Matt Dempsey (202) 224-9797 - Inhofe  

Gregory Keeley (202) 224-6441 - Barrasso

Joel DiGrado (202) 224-4623 - Vitter


Assert Need for Openness, Transparency, and Accountability

Link to Letters

Washington, D.C.-Sen. James Inhofe (R-Okla.), Ranking Member of the Senate Environment and Public Works Committee, along with Sen. John Barrasso (R-Wyo.), Ranking Member of the EPW Subcommittee on Oversight, and Sen. David Vitter (R-La.), Ranking Member of the EPW Subcommittee on Clean Air and Nuclear Safety, sent requests to several federal agencies, as well as offices within the Executive Office of the President, seeking information about the role of the White House Coordinator for Energy and Climate Policy in formulating federal regulations and policies. 

As the senators stated in their letters, the President can appoint advisors of his choosing, and those advisors can legitimately exercise influence over policies crafted and implemented by the Administration.  Yet the White House energy and climate change "czar," as it is colloquially referred, along with several other "czars" situated in a similar position, are not accountable to Congress, and their considerable authority raises questions about transparency and openness in the White House and the Administration.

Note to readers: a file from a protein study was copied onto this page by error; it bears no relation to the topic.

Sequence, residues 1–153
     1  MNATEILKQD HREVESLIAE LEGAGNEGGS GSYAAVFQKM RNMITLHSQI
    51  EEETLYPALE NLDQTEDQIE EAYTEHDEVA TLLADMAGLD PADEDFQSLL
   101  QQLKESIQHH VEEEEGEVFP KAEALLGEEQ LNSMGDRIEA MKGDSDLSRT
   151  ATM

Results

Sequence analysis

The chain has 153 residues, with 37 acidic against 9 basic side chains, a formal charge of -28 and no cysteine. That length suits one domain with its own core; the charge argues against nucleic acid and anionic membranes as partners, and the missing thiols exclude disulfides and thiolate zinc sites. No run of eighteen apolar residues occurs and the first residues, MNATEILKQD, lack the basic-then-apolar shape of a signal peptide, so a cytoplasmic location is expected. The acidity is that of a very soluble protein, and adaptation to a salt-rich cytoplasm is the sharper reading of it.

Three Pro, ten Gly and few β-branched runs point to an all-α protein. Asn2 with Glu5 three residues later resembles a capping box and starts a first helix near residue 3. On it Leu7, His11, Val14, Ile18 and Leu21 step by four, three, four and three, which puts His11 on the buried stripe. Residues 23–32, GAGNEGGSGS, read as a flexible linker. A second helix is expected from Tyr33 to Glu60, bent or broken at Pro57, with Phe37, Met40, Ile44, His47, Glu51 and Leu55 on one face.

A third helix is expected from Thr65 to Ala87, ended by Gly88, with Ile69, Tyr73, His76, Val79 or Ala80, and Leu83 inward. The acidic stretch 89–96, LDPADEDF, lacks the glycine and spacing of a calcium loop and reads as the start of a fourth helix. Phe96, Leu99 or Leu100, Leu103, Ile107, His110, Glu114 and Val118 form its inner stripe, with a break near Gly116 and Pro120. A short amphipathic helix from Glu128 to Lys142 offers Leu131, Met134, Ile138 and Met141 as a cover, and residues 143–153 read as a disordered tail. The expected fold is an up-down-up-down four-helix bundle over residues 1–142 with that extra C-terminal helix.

For this reason, the senators are requesting information about the role of the energy and climate czar over the proposed endangerment finding for greenhouse gas emissions and the related proposal to regulate greenhouse gas emissions from mobile sources.  

"It appears that the White House energy and climate czar influenced proposals of major consequence for the economy, consumers, families, and jobs, which is fine, but Congress, in order to exercise its oversight responsibility, needs to know how these policies were shaped and crafted," Sen. Inhofe said.  "By responding in a timely and forthright manner, the Administration will demonstrate its commitment to transparency and openness, and will show a willingness to work with Congress in performing its constitutional responsibility."

"This really is a czar too far and a czar too many.  The President has effectively appointed a ‘shadow cabinet,' that is unaccountable to Congress.  The Obama czars are not answerable to Congress, and, as a result, not responsible to the American people," Barrasso said. "I have requested information on the activities of the President's energy and climate change czar.  The Administration has not been forthcoming.  We need to ensure transparency and accountability are restored to decisions made by this Administration.  The people of Wyoming demand it."

"This Administration has been touting openness and transparency as core values, but as it relates to czars, the White House has been less than forthcoming in detailing just what role these individuals play in directing government agencies on broad decisions that can have a significant economic impact on the entire country," said Vitter.